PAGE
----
‘Face-veil’ in Renaissance Rome was considered ‘the mark of a courtesan’

It is funny how different cultural traditions can ascribe different values to equivalent things:  in this case, the face veil.

We have come face-to-niqab (if you will excuse the expression) with the Islamic tradition of the face veil and are familiar with it:  Muhammad imposed ‘the veil’ on his wives but not on his concubines.

Some people think ‘Muhammad’s veil’ was worn on the front of the throat, but did not cover the face. This can be seen in some Pakistani dress traditions.

Others think it was based on the Slavic  headscarf, as he is reported to have first seen this garment on the Christian slave girl gifted to him by the patriarchs of Constantinopole.  He became so enamoured of it, he imposed it on all of his wives.  If you look at the linked illustrations, it is possible to think that the hijab could have evolved from it.  (This is, in my never-humble-opinion, the most likely the root of the Islamic ‘veil’, because there is a direct reference in the Hadith to the ‘Christian slave girl’.  Historically, Slavs were hunted by the Mediterranians , in order to be sold to Arabi harems – that is the origin of the word ‘slave’.)

Yet others suggest that the veil Muhammad imposed on his wives was meant to cover their whole face – the niqab.  Some people trace this to ancient symbols of prostitution – perhaps.

But, in our culture, the connection between women covering their faces with a veil while in public and prostitution exists in less distand history.  One need not go further than Renaissance Rome.

For reasons that are not exactly clear even to myself, I have been reading a biography of Lucrecia Borgia by Sarah Bradford.  (It is, perhaps, the worst-written book I have ever tried to chew my way through.  The author is completely absorbed in the minutiae and unless you are familiar with not just the ‘big picture’, but also the ‘medium picture’, you might find – like I did – that without frequent outside references, it is difficult to follow the significance of all the rigorously supported details she has managed to cram into the book.  It is precisely the rigorous support – extensive quotes from numerous letters – of what she writes which has kept me slogging through it…even though her analysis of the letters themselves and of their implications is often flawed, to say the least.)

One of the things I learned (supported by a quote from a letter written in that period), she indicates (though she does not dwell on the subject) that in Rome during the time of the Borgias, the high-class prostitutes – courtesans – would wear a veil that covered their face while they rode through the streets or were in public areas.  Not being well versed in the history of this period, I have not verified this assertion in  another publication – if anyone can suggest books I should check out for this, I would greatly appreciate their help.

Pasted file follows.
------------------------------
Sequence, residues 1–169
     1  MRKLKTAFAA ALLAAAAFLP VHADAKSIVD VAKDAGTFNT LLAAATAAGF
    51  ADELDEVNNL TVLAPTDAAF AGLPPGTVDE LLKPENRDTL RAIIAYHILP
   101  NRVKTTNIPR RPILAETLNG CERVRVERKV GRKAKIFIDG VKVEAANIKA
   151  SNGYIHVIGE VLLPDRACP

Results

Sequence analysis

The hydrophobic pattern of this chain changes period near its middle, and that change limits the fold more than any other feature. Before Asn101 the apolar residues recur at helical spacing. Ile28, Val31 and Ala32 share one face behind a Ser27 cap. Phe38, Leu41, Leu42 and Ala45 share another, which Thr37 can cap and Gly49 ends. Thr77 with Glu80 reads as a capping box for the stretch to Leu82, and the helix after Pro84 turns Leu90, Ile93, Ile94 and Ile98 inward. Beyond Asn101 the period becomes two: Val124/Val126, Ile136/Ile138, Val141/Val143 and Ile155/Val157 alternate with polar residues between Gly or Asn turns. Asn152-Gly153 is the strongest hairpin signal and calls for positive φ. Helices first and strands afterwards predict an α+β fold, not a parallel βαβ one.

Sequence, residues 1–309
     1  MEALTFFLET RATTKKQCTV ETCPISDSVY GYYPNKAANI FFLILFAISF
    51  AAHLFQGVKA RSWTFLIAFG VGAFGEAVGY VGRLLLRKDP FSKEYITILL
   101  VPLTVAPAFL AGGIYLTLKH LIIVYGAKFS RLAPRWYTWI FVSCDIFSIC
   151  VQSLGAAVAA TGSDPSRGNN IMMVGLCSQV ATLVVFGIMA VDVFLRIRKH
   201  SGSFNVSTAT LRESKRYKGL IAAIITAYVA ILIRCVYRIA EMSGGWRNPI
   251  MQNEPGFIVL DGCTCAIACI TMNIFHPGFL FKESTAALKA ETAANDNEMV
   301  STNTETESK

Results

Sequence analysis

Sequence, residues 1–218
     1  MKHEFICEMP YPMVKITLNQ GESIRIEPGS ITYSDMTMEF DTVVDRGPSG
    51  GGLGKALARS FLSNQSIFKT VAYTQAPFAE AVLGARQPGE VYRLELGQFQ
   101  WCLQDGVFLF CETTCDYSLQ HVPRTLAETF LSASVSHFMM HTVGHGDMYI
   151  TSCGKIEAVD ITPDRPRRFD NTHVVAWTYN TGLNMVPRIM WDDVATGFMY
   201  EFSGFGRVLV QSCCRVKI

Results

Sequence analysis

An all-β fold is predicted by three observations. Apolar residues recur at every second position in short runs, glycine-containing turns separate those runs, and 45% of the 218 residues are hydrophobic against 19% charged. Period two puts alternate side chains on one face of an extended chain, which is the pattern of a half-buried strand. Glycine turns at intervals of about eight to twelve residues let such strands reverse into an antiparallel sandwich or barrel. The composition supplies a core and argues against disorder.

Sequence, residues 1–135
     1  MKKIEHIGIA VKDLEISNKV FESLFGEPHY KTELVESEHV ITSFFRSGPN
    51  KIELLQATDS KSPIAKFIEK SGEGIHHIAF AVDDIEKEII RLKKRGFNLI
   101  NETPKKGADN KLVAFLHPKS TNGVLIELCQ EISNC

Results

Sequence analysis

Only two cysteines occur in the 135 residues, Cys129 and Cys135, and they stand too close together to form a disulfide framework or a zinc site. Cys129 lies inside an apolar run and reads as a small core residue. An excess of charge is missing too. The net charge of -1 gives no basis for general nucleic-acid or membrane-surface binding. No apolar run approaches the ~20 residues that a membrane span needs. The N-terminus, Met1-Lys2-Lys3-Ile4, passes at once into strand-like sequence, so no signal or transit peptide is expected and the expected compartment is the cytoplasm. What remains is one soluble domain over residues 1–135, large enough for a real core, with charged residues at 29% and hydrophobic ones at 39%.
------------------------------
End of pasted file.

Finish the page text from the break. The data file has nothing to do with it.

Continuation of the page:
While I would like to find further corroboration, the fact that this was a direct quote from a period letter, along with the fact that this was an extraneous detail which simply got in because it was part of a letter focused on another subject altogether, convinces me that this likely was the custom of the day. (The lette-writer complains how low Rome had sunk, as so many of the women one could see about were courtesans, which one could see from the fact that they covered their faces with a veil…)

Married women and mistresses – as well as umarried women and girls – did not veil their faces in public, as there was no need for ‘discretion’.  The lower class prostitutes also did not have a need for ‘discretion’, though for the opposite reason.  It was only the high-class prostitutes, the courtesans, who would cover their faces when on their way to visit ‘clients’.

So, the wearing of the face-veil was a ‘class’ thing:  it signified a higher class status among prostitutes.

Which is very curious, because in the Islamic tradition, ‘the veil’ also carries a very definite class distinction:  because Muhammad had imposed it on his ‘wives’ – but not on women who were his slaves, whether workers or concubines, women who wore ‘the veil’ were of a higher social status than women who did not.

It is the view of some current Muslims (and Muslimas) that wearing the veil is a symbol of membership in a socially superior class: the woman wearing the veil is demonstrating her class superiority over bear-headed women.  This explains why some of the Muslimas wearing veils seem to be doing it as an ‘in-your-face’ aggressive gesture.  Far from representing morality or religious piety, this particular set of Muslimas is wearing the veil as a symbol of their superiority.

I am continously fascinated by how, at different times and in different cultures, the same items symbolized different things.  In one time and place, the face veil represents a higher social status woman.  In another, it denotes a higher social status prostitute.